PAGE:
Hello from Moscow, what an incredible day. Today we got a chance to experience several of the adventures and sights of the city, learning a tremendous amount about Russian culture, politics and history. The morning started with a busy Russian breakfast at the hotel Cosmos, and we met up with our certified tour guide Sergei , a local and an expert in the goings on of the city.
Our first destination was Christ the Savior Cathedral, a beautiful Cathedral built over 3 generations of Czars (beginning with Nicholas II and finishing in 1887 under his grandson Alexander III). Stalin destroyed the Cathedral in 1931. Then under the rule of Boris Yeltsin, Christ the Savior was rebuilt beginning in 1994 and the exact replica was completed in 1998. Thanks to thousands of pieces salvaged in city archives, the exact replica was able to be built.
Next we traveled through the old part of the city, down “Lazy Street” (the shortest street in the city) and down St. Barbara St. (the oldest street, named to St. Barbara, the patron saint of merchants), to the New Maiden Nunnery. In the time of Czars, men sent wives to the nunnery so they could remarry and get rid of their wives. It was then converted to a prison during WWII, a museum of “Female Emancipation” in the sixties, and was re-established as a nunnery in 1991. The New Maiden Nunnery is located on the lake that was the inspiration for Tchaikovsky’s “Swan Lake”—a beautiful piece of nature amid all the chaos of the city.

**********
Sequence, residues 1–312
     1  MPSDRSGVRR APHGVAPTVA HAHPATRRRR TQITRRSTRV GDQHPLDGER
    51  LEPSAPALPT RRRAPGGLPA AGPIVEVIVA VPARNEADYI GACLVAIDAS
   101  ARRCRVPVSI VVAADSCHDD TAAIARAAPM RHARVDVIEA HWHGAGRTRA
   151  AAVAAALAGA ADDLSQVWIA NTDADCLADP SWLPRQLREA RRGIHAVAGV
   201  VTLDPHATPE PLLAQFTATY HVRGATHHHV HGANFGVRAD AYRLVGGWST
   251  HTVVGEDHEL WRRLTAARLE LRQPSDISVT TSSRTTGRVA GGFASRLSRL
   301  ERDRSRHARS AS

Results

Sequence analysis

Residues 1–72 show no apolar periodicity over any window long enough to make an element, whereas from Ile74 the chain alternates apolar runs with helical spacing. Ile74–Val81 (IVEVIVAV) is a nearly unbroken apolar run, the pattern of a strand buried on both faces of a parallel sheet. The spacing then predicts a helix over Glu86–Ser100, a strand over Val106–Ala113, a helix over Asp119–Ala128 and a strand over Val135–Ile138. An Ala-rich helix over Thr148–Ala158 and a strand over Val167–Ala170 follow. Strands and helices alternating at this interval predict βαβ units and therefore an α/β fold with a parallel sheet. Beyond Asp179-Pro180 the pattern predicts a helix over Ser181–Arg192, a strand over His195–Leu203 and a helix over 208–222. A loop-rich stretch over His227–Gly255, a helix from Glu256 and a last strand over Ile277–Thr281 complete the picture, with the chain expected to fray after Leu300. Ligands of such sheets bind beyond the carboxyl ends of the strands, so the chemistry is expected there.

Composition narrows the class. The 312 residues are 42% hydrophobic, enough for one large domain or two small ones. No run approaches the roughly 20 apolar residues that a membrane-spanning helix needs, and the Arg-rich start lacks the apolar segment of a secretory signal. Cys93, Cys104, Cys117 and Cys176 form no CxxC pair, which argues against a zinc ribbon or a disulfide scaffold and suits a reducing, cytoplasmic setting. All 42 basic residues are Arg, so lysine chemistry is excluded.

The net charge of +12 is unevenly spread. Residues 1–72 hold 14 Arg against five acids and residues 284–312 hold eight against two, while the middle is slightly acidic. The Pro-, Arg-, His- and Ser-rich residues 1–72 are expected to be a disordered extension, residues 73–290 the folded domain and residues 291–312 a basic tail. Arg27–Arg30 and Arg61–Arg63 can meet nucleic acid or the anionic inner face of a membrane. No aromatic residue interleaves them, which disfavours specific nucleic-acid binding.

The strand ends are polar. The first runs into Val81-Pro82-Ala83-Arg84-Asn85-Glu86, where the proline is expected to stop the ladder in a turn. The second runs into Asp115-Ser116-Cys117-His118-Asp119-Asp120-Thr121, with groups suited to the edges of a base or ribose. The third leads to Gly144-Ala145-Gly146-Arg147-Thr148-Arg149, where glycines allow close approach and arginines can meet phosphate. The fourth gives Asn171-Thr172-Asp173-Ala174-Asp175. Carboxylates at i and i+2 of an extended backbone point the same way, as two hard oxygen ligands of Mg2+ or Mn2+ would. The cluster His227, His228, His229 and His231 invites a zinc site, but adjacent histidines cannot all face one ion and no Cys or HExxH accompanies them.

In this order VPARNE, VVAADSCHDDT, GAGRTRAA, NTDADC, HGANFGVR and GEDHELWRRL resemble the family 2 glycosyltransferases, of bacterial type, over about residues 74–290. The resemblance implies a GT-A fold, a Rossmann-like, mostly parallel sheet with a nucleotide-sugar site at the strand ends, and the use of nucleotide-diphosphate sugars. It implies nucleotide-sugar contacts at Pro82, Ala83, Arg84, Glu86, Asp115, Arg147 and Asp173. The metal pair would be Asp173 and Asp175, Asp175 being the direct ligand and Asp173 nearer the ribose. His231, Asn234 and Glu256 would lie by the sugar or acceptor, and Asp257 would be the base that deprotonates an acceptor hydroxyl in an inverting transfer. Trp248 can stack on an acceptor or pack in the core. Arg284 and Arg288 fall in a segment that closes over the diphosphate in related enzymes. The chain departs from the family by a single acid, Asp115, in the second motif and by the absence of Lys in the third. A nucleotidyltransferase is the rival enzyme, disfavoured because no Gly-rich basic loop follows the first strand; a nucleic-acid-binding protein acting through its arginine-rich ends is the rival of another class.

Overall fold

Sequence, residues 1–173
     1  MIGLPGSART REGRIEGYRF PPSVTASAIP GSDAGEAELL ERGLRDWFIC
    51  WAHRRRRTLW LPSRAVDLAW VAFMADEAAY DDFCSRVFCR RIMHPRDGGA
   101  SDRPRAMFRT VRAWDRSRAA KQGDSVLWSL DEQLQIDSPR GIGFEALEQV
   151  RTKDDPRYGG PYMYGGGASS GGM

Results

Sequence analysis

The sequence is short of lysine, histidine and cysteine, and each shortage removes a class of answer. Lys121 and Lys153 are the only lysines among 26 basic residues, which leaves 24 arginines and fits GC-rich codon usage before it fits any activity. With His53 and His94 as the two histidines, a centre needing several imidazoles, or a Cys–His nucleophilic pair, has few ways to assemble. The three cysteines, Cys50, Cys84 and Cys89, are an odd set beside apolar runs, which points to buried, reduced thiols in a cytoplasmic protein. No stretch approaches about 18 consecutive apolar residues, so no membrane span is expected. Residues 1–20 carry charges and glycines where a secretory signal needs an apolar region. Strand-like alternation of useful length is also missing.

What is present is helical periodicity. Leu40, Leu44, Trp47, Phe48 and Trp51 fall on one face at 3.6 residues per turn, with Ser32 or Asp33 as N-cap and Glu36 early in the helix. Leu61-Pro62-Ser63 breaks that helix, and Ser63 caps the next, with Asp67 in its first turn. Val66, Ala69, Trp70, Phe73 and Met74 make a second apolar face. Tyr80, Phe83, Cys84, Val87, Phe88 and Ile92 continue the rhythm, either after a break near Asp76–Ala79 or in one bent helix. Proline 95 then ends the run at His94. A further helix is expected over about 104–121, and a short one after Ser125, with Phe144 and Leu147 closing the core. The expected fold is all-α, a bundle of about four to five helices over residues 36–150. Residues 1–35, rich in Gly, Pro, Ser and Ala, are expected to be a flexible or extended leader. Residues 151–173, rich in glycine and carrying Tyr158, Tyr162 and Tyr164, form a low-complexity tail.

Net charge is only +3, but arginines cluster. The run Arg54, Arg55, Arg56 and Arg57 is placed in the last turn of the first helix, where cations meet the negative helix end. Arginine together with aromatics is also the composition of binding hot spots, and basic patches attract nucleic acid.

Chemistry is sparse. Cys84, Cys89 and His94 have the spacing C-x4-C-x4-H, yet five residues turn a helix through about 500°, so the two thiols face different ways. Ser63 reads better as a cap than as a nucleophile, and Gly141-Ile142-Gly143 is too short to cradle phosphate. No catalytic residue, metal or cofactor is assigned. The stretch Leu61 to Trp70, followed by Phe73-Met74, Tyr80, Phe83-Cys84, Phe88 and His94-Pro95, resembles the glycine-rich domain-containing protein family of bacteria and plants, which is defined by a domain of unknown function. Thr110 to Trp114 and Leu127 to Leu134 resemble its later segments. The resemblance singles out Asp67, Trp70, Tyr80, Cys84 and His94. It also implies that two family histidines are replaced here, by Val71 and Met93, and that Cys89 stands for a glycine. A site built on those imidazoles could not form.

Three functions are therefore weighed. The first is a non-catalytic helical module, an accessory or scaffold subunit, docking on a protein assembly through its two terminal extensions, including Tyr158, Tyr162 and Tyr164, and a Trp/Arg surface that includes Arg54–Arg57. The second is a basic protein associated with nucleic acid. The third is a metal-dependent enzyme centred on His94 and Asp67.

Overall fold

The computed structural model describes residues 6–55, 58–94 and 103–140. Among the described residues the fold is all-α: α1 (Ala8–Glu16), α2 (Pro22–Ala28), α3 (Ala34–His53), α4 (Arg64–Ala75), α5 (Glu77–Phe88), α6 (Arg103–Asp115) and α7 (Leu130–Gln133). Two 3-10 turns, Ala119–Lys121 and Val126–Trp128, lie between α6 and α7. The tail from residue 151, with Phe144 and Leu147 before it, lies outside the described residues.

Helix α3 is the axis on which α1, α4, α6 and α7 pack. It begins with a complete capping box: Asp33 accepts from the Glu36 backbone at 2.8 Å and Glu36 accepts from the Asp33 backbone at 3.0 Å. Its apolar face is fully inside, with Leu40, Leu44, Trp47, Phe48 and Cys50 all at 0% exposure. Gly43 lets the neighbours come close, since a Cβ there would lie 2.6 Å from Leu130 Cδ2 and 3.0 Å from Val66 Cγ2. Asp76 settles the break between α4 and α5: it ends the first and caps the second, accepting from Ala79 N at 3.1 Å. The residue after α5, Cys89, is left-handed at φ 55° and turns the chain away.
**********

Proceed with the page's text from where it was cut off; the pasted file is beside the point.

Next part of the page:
Other highlights included seeing the stadiums of the 1980 Olympics, standing in the Red Square seeing Lenin’s tomb, St. Basil’s Cathedral and the red walls of the Kremlin. We drove past Moscow State University known as: “the Wedding Cake of Russia”. We then ventured across the river to an Iconic Russian art gallery, the Tretyakov, getting a chance to view some stunning Russian pieces and learned an immense about them through the expertise of our tour guide.
It has been astounding to learn about “New Russia”, an identity only about 20 years old, but also understanding that WWII and the impact of Communism is an ever present force still shaping the economy, culture, and psyche of Russia and its citizens .
We finished the day at a local, traditional Russian café that no one could pronounce the name of. It has been an adventure already, and its difficult to believe we have only been here for a day and half. We’ve been enjoying the culture and people, the beautiful weather and stunning sights.
We are quickly understanding the meaning behind a quote of Nicolai Gogol, roughly translated as- “There is no measure stick to measure Russia”.
Fun Fact: The first Mother Superior of the New Maiden Nunnery (once reestablished in ’91) was a Professor of Mathematics at Moscow State University.